Just like you, but different
McLeod’s Smugglers Bay Quadrupel – A Quad! An honest to goodness Quad, honestly to goodnessly aged in Bourbon barrels. This is bottle 1472 of around 1700 that made it in to bottles. There a hierarchy of beers that Quadrupels, and for me, are near the top of that tree (you know I think the Barley Wines are the top). This is a beer that could be cellared. Or drunk now.
let it rest
McLeod’s Quadrupel is a 500ml bottle of a beer that is 10.3% ABV and this would me about 309 calories a serve and 4.1 standard drinks in New Zealand
We like a challenge.
We also love a well-made quad.
This beer satisfies both in one fell swoop.
Our house Trappist yeast nudged this Belgian Quadrupel in the right direction before ageing in Kentucky bourbon casks. Brimming with bready malt and spice underpinned by rich caramel and bourbon notes from barrel time make it a glorious brew.
Before drinking, let it rest at room temperature to reveal its complexity.
So, What could possibly go wrong?
It takes about and hour to set up, and the beer has been warming next to me, and it’ll continue to warm as I drink it, hopefully it’s a sipping beer, not a quaffing beer.
An interesting aroma on opening, I got more red wine than bourbon, I’m not a big bourbon drinker though. It does have a sweetness about it.
Pour is a proper toffee brown orange that looks magnificent, and it settles with a lovely caramel head of small but firm substance. It’s a fine looking beer is that.
The taste is outstanding. A really rich toffee note, backed up instantly with a billowing softness, some tang from alcohol and it settles into that lovely back note of warmth and comfort.
It’s really understated, the expected richness and fullness from the sugars, giving that rich steeped raisin note is quite muted, and searching for it means you have to get through a couple of other notes.
It is at both times a soft palatable drink without drama, and instantly full noise and fireworks, without either of them getting the upper hand. Balanced you might call it.
That sugary raisin note is there now in the glass as it gets some warm air around it, filling this out into a lovely sensation.
Personally I’d prefer this to have that fuller sugary pillow, the steeped raisins, but this is about a good a beer as I’ve had this year, and I’ve have a couple of properly nice beers in the last few days.
I like this for the things it’s might not have, that alcohol burn, I don’t miss that for instance. I like that smash of warmth at the back as it gets there, and the way that lingers, that’s rather good.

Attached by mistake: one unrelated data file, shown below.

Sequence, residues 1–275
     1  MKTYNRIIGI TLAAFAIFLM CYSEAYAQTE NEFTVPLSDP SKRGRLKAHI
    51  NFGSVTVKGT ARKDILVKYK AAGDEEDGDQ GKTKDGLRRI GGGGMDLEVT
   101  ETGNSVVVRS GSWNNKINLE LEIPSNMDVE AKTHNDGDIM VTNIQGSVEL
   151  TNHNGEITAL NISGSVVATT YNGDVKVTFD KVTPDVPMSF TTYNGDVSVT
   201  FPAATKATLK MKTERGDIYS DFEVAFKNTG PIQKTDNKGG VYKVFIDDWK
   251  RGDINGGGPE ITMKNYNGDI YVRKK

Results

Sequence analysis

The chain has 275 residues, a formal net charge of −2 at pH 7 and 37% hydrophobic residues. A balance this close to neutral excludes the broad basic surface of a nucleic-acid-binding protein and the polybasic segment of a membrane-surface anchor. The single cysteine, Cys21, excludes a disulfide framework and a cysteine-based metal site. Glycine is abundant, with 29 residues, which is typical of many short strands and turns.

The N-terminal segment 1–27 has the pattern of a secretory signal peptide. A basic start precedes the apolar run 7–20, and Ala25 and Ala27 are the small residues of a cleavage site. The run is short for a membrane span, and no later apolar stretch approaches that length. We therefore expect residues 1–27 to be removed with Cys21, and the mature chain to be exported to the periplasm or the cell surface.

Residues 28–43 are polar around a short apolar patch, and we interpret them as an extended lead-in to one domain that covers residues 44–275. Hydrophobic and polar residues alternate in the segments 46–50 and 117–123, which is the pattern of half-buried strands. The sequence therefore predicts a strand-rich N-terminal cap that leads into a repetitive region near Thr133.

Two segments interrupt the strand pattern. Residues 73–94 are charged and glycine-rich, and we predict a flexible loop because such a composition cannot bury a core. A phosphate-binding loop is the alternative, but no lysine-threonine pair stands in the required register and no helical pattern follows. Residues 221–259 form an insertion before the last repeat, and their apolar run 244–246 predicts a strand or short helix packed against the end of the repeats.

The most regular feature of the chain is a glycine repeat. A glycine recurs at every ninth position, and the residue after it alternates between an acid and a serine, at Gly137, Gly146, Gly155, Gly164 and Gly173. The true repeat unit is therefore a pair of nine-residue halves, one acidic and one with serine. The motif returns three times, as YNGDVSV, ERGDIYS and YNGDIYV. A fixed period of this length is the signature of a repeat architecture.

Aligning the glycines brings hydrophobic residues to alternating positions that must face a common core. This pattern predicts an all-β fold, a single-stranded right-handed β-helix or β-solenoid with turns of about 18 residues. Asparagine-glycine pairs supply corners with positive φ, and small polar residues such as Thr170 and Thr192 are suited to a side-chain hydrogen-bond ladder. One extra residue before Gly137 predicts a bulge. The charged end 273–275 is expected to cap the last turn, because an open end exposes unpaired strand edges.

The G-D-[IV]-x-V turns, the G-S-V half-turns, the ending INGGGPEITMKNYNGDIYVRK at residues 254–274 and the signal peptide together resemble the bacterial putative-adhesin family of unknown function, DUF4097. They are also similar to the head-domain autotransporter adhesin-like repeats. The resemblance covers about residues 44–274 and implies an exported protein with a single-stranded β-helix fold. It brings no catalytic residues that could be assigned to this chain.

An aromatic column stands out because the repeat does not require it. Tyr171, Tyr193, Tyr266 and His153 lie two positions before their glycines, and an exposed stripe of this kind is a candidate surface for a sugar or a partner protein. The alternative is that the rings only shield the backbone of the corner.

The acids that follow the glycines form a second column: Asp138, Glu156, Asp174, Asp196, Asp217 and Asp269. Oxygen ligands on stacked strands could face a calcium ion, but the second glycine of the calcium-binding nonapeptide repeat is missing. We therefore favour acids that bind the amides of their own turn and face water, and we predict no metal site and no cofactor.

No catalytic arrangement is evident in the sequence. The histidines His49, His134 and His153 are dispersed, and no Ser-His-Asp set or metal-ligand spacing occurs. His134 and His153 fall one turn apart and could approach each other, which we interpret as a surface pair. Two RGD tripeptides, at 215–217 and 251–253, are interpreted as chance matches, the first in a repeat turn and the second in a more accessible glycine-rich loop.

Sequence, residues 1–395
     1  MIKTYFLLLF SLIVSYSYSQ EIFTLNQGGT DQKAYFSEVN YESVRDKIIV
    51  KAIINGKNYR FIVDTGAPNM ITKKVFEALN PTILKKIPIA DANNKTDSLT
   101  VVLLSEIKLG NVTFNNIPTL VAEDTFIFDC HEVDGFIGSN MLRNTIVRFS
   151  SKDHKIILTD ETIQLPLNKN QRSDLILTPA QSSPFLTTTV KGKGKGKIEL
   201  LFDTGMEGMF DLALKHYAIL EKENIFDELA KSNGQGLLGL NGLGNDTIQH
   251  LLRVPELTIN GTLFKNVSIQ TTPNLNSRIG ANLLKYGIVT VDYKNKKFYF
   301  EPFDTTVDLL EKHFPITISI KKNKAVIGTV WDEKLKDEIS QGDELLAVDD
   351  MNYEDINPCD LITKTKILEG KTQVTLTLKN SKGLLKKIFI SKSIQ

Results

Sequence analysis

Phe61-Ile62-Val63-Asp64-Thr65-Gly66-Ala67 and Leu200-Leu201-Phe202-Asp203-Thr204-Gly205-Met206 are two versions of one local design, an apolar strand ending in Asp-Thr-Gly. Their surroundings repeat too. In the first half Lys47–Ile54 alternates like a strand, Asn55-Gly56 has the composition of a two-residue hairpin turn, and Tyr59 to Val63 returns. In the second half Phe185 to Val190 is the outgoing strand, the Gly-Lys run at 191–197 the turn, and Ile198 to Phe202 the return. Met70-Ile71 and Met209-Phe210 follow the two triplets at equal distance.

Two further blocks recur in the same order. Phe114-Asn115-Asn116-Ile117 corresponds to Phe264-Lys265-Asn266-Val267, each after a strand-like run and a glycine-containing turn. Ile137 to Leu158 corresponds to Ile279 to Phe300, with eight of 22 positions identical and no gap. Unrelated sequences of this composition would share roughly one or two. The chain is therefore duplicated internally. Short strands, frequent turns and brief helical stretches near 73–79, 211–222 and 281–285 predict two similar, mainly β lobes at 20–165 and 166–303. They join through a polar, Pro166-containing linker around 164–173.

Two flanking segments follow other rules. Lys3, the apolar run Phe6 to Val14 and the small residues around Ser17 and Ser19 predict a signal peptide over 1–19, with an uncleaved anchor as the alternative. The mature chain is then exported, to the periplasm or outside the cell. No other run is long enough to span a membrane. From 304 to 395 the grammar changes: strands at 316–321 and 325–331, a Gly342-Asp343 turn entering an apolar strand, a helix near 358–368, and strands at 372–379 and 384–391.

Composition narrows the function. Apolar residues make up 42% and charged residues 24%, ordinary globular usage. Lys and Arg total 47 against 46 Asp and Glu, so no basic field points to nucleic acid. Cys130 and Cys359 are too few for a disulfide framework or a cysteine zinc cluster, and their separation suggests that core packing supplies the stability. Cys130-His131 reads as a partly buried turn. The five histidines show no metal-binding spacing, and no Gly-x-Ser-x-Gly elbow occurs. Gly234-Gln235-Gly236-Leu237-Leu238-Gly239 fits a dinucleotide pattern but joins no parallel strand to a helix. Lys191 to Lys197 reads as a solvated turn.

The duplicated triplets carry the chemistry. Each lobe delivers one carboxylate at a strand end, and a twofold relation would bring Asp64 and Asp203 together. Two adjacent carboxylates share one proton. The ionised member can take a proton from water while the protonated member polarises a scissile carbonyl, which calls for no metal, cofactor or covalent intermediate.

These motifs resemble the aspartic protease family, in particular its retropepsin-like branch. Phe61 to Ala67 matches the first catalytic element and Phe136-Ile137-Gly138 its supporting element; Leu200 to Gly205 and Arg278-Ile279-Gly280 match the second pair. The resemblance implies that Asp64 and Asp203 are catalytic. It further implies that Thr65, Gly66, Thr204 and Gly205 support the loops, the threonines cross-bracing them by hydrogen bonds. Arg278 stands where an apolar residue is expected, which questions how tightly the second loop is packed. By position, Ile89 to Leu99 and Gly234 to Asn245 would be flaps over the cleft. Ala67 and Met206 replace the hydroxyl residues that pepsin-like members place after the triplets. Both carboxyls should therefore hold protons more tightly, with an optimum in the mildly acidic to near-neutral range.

I might also be living in a fantasy land of how good this beer should be and have a goal that can’t be reached as to taste and expectation. Quads are not common, at least I don’t see them often, and go a bit loopy when I see them.
This is a class above the Beer – #1038 – McLeod’s – Dubbel 2018 which I thought was 8 (A magnificent score) but just stumbles short of Beer – #1039 – McLeod’s – Triple. But if you wanted to buy me any of these I’d be well chuffed.
The pdubyah-o-meter rates this as 9 of its things from the thing. This is the best Quad I’ve written about, possibly tried, and I have had the Rochefort – Trappistes 10 and this for me is better. It’s probably then the best Quad I’ve ever had, and I’m going to have at bar to mark the others against.
Checks notes and see what CraftWorks are up to 🙂
What a challenge.
The double dip review
Music for this: ”KIWANUKA by Michael Kiwanuka
I think I might have called him a New Zealander, wishful thinking.
Michael Samuel Kiwanuka is an English Indie folk singer-songwriter and record producer who is signed with Polydor Records. His 2012 debut album Home Again went gold in the United Kingdom and his second album, Love & Hate, debuted in 2016 at number one
Abt, or quadrupel, is the name given to ultra-strong Trappist and abbey ales. The name Abt was pioneered to describe Westvleteren and the beer that would become St. Bernardus. Quadrupel was pioneered by La Trappe. Abts are the darker of the two, with more rich, deep fruity notes. Quads are paler, with corresponding peachy notes. Neither have much in the way of hop, and both are very strong and malty. Though both are bottle-conditioned, abts trend more towards yeastiness. Alcohol is very high (10+% abv) for both.